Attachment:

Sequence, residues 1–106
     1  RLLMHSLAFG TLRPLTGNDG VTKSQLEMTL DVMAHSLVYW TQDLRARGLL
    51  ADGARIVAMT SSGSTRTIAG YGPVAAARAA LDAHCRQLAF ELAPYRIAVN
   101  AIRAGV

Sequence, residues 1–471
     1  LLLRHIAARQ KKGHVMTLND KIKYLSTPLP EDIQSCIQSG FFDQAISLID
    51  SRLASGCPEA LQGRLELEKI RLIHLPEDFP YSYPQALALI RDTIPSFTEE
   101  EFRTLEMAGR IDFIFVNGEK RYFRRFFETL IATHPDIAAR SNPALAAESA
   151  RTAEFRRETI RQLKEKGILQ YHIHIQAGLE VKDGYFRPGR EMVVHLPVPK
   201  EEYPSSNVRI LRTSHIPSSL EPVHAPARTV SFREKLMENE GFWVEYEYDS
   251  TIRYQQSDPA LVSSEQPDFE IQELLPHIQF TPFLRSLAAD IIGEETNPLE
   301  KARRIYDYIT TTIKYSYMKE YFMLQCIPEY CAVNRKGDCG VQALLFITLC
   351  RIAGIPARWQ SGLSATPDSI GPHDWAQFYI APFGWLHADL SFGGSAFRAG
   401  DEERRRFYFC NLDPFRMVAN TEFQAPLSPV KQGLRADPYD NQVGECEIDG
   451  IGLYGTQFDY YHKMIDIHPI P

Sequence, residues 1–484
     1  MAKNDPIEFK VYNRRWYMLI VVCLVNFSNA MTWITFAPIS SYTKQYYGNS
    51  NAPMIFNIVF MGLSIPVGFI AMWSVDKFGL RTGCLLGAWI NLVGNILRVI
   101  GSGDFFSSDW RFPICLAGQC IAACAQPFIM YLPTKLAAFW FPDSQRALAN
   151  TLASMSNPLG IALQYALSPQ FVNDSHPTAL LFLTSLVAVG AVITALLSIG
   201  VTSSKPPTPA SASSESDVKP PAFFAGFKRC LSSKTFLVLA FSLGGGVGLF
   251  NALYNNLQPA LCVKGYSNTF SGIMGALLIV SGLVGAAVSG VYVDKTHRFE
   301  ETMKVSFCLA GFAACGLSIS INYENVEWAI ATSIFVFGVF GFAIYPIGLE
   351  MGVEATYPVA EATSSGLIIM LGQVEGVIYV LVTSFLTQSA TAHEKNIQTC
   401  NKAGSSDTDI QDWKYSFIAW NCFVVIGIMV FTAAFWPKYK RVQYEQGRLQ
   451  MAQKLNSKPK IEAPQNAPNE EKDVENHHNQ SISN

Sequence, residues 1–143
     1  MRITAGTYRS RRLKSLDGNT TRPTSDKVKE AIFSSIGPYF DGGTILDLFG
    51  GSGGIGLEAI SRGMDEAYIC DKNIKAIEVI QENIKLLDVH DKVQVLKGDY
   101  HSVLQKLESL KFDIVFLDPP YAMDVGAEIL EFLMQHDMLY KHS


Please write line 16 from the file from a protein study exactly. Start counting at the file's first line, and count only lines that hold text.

Sequence, residues 1–484